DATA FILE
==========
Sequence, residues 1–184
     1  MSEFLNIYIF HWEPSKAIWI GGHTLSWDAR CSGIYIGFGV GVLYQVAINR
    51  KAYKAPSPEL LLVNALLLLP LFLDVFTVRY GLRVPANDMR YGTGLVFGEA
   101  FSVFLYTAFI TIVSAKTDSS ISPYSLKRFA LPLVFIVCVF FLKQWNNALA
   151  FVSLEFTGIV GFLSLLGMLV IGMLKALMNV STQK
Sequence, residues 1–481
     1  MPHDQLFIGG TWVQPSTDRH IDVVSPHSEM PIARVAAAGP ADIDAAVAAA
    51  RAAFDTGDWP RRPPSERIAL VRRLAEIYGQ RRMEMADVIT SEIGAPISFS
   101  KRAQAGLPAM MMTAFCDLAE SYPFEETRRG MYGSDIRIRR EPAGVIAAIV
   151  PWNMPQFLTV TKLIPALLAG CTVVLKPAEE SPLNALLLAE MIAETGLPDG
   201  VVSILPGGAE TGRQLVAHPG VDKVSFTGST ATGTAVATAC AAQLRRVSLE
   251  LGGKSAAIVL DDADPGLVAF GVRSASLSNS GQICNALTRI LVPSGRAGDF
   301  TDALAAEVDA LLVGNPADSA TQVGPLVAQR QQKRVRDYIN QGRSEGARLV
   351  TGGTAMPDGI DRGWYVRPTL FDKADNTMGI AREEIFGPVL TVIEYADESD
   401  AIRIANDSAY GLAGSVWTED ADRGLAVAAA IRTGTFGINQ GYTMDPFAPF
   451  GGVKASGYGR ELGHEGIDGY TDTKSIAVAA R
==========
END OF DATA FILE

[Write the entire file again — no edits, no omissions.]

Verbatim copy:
Sequence, residues 1–184
     1  MSEFLNIYIF HWEPSKAIWI GGHTLSWDAR CSGIYIGFGV GVLYQVAINR
    51  KAYKAPSPEL LLVNALLLLP LFLDVFTVRY GLRVPANDMR YGTGLVFGEA
   101  FSVFLYTAFI TIVSAKTDSS ISPYSLKRFA LPLVFIVCVF FLKQWNNALA
   151  FVSLEFTGIV GFLSLLGMLV IGMLKALMNV STQK
Sequence, residues 1–481
     1  MPHDQLFIGG TWVQPSTDRH IDVVSPHSEM PIARVAAAGP ADIDAAVAAA
    51  RAAFDTGDWP RRPPSERIAL VRRLAEIYGQ RRMEMADVIT SEIGAPISFS
   101  KRAQAGLPAM MMTAFCDLAE SYPFEETRRG MYGSDIRIRR EPAGVIAAIV
   151  PWNMPQFLTV TKLIPALLAG CTVVLKPAEE SPLNALLLAE MIAETGLPDG
   201  VVSILPGGAE TGRQLVAHPG VDKVSFTGST ATGTAVATAC AAQLRRVSLE
   251  LGGKSAAIVL DDADPGLVAF GVRSASLSNS GQICNALTRI LVPSGRAGDF
   301  TDALAAEVDA LLVGNPADSA TQVGPLVAQR QQKRVRDYIN QGRSEGARLV
   351  TGGTAMPDGI DRGWYVRPTL FDKADNTMGI AREEIFGPVL TVIEYADESD
   401  AIRIANDSAY GLAGSVWTED ADRGLAVAAA IRTGTFGINQ GYTMDPFAPF
   451  GGVKASGYGR ELGHEGIDGY TDTKSIAVAA R